The student news site of Whitney High School in Rocklin, Calif.

Whitney Update

The student news site of Whitney High School in Rocklin, Calif.

Whitney Update

The student news site of Whitney High School in Rocklin, Calif.

Whitney Update

BTS: Making Chef Brian Cramer’s ultimate comfort food at home versus at school

Emylee Moreira
Fried rice prepared at home.

The loud sizzles from the leftover rice hitting the oil and smell of soy sauce filled up the room as fried rice was prepared by us as an attempt to find out if the cooking process at our school’s industrial-esque kitchen — much different than our own kitchens at home — was easier than cooking at home. In doing this, we also aimed to find out if students apply what they learn at school when they are cooking at home, and if students experience more hardship when cooking away from the classroom?

Chef Brian Cramer and Culinary I students Zachary Christensen, Nathalie Kafka and Vivienna Ni were the ones to answer these questions along with an attempt by us to create fried rice, a dish Culinary I students created in class, to compare the two experiences. “I integrated the dish into my curriculum around four years ago,” Cramer said.

“Asian cuisine is the food I look forward to eating the most … It’s the food I grew up on and it’s hard to mess up.”

Regarding the fried rice, Cramer advised not only how to make the dish, but also how to make the dish taste properly. He explained that when you make it, you need to have all of the ingredients laid out, a process called mise en place, and be prepared to cook.

Cramer also iterated the importance of using leftover ingredients to make fried rice.

“It is supposed to be a leftover dish,” Cramer said “Whatever leftovers you have in the fridge or freezer — as long as they complement one another — they are fair game. For fried rice specifically, you must use leftover rice; rice that is at least a day old and has gotten the chance to chill in the freezer or fridge, typically uncovered. So make sure to put it on a top shelf so it doesn’t get contaminated. And don’t forget the sauce,” Cramer said.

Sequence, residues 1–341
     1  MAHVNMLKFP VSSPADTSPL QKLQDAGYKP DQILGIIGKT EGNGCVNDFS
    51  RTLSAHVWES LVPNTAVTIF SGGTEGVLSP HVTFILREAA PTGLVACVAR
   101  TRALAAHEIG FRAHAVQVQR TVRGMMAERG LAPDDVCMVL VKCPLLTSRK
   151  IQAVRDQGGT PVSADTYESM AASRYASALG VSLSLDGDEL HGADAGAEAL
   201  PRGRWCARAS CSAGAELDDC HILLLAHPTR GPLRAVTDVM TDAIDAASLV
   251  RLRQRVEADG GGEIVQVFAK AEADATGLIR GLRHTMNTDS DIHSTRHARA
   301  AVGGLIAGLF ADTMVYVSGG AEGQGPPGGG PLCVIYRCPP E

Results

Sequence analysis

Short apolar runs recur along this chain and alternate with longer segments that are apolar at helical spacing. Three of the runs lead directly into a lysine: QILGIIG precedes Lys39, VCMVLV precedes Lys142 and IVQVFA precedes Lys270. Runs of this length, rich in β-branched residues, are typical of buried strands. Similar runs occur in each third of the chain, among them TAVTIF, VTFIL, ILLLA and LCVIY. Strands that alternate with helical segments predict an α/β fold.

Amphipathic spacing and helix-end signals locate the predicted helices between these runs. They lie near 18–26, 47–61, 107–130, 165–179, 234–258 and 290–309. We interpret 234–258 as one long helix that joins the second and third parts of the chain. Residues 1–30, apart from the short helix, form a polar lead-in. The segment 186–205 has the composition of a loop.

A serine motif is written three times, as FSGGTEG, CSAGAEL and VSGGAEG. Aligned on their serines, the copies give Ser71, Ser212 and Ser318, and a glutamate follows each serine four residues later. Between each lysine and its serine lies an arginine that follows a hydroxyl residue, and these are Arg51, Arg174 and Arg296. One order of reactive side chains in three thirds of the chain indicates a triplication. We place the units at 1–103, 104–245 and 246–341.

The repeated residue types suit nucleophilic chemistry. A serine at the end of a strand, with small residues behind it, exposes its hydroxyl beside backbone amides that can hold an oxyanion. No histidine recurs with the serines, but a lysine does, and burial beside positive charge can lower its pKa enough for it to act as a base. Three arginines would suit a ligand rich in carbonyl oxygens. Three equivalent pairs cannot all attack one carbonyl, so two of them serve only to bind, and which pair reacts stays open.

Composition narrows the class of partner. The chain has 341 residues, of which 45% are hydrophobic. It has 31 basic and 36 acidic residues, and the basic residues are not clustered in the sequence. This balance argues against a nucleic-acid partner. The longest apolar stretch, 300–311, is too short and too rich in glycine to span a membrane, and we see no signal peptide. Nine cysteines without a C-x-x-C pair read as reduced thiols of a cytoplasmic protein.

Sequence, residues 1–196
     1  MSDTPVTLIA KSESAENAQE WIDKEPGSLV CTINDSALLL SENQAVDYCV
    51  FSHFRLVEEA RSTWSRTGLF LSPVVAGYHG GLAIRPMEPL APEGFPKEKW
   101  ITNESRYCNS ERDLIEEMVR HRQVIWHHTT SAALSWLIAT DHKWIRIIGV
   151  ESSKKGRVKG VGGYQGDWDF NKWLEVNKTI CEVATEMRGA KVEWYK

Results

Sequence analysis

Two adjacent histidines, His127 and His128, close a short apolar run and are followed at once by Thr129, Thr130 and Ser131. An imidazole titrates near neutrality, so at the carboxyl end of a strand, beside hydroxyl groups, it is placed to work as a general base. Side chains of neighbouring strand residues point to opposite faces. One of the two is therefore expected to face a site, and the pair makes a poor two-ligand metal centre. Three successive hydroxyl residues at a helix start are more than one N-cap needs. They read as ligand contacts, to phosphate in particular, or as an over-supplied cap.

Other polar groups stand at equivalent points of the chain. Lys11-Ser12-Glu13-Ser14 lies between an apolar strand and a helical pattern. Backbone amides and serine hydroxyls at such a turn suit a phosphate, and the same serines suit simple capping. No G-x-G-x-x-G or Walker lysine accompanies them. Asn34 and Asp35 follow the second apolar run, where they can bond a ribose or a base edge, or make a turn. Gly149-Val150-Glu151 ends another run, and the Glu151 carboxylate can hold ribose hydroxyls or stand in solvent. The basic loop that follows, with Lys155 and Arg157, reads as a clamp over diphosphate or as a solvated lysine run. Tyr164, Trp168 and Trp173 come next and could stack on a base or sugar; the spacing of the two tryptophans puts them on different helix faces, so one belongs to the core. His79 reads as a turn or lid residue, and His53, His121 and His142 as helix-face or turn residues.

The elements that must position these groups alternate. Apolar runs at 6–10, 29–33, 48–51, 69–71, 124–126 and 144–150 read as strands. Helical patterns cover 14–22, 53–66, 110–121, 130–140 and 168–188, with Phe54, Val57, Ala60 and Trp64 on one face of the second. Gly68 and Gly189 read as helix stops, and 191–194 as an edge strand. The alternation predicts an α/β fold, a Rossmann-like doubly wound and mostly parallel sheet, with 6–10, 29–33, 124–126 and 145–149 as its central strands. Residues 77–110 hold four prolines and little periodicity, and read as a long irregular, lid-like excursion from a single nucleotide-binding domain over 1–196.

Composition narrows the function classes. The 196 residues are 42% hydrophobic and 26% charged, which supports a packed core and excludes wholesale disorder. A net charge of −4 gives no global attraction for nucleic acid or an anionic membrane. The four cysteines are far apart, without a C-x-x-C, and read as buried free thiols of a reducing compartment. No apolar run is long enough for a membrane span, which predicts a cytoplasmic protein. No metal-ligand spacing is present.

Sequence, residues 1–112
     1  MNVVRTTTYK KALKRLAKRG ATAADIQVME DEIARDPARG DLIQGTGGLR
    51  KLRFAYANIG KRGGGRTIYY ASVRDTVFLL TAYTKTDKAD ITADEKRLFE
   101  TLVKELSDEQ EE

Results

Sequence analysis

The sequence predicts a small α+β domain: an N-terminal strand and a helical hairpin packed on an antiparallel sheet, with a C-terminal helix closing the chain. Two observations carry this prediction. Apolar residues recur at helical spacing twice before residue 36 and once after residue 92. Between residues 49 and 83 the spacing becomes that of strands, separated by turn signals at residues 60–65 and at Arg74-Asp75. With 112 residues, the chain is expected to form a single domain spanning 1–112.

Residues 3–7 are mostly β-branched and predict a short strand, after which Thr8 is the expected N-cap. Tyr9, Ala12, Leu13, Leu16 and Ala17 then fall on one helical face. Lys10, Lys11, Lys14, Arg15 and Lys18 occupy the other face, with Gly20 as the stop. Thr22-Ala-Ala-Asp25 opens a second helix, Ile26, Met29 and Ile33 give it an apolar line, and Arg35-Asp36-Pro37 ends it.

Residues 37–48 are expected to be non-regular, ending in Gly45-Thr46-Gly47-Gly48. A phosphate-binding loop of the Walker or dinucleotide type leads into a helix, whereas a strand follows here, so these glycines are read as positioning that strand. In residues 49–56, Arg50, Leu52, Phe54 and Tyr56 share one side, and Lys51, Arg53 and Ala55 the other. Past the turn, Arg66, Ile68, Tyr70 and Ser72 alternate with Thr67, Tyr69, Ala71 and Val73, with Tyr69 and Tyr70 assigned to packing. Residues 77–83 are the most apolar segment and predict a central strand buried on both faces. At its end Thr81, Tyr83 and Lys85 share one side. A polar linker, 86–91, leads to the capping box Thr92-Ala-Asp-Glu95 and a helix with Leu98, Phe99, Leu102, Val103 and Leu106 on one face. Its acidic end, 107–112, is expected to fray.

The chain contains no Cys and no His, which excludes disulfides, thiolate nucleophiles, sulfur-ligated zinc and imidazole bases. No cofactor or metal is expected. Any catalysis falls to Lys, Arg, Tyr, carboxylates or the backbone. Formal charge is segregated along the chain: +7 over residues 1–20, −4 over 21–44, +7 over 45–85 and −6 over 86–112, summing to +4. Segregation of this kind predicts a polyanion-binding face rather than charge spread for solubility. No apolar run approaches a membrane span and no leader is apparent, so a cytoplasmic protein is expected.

When asked what students’ most common mistake is, he said it was timing.

“In class, [students] put the pan on the stove immediately and start heating it up when nothing else is ready to go,” Cramer said. “They haven’t even pulled the knife yet and the pan is getting hot. You’re gonna end up with a fire — don’t start heating the pan until everything else is ready,” Cramer said.

Christensen recalled making the dish in class as a positive experience.

“It went good, I remember it tasted very good,” Christensen said. “ [It had] lots of different ingredients and vegetables.”

Kafka and Ni, however, said they had their fair share of difficulties with the dish.

“My group struggled with getting the texture of the rice correct,” Kafka said.

When asked what she would do differently to better the dish and the cooking process, Ni said “Not that much soy sauce and substitute bacon for pork,” Ni said.

Comparing the experiences of cooking at home versus cooking in the classroom, students who have previously cooked a dish they made in class, and decided to try it again at home, were asked about their experience.

“I struggled a little bit without Cramer,” Kafka said. “He is always so organized and has a set plan on the days we cook.”

When asked what students need the most when creating this dish, answers varied but one stood out: Safety precautions. We noticed that to make this dish in the safest way possible, you should be wary of the high heat and make sure you do not burn yourself as you toss the ingredients in the pan.

In order to settle the debate if cooking at home is different compared to cooking at school, we attempted to make fried rice at home.

The conclusion reached is that there are more benefits to cooking at school because the supplies and equipment are handed to you rather than having to go out to the store and buy all the ingredients. The added bonus is that you have an instructor to guide you to the way of success. However, cooking at home also has its advantages such as being more familiar with the space you are cooking in and less people having to maneuver around.

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